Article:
I was recently talking with a executive coaching client who came to our conversation stressed out and angry at one of his peers who he felt had undermined his authority. Speaking rapidly, he described the circumstances, distrustful of his peer’s motives, and ready to retaliate. It felt like a torrent of anger coming at me even though it wasn’t directed toward me. As a coach, my goal is to remain centered with a calm nervous system, so I was able to provide a safe space for this leader’s frustration to land without getting caught up in it. I was feeling compassion for his triggered state of mind and body. I let him speak. Within a few minutes, his anger dissipated. Much to my surprise, he apologized for his “rant” (as he called it) and started to think more clearly. I hadn’t spoken a word. His nervous system had relaxed and he was able to think from a place of calm clarity rather than threat.
This is the power of attunement: our ability to see situations with greater clarity and respond with greater wisdom through an open and relaxed nervous system. Our nervous systems respond to one another and practicing being attuned to ourselves and others enables greater collaboration and breakthrough innovation in the midst of complexity.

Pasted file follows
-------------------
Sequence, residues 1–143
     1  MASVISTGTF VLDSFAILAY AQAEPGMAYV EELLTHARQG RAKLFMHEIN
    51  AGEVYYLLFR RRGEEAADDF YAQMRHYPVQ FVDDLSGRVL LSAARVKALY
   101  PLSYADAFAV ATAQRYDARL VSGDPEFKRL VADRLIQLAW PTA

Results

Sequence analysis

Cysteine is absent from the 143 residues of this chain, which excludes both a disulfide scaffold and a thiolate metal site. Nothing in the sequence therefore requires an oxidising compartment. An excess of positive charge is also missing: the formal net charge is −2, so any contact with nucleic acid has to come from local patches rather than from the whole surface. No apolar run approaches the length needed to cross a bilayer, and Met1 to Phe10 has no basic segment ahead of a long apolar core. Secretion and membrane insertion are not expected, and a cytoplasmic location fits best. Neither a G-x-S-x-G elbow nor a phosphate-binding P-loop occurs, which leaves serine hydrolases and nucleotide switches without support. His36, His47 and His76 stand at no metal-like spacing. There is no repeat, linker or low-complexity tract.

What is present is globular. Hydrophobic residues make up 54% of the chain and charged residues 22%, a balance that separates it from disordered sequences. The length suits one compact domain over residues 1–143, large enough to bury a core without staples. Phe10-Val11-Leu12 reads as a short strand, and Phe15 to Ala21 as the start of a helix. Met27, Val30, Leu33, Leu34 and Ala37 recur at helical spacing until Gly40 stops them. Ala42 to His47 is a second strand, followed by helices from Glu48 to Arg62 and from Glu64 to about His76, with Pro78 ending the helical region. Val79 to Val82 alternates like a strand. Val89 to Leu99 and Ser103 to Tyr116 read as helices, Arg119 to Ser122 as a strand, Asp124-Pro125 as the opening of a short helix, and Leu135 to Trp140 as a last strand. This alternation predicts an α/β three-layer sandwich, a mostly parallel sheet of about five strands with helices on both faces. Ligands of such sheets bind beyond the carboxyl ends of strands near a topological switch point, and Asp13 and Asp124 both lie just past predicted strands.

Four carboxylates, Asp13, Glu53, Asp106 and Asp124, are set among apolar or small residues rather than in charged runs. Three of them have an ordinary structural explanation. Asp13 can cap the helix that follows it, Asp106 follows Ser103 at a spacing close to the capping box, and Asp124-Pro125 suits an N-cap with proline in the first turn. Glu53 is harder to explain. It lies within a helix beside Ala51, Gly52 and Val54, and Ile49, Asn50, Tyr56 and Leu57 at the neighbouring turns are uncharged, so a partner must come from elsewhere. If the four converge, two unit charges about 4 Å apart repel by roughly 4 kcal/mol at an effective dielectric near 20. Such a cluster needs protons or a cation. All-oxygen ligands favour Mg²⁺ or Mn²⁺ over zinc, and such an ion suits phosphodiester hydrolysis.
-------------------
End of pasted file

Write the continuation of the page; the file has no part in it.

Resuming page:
I sat down with Thomas Hubl, author of “Attuned”, and a visiting scholar at Harvard University’s Wyss Institute to learn more about his latest book and how it can serve leaders.
H. Inam: What do you mean by attunement and how does a practice of attunement help us navigate complexity?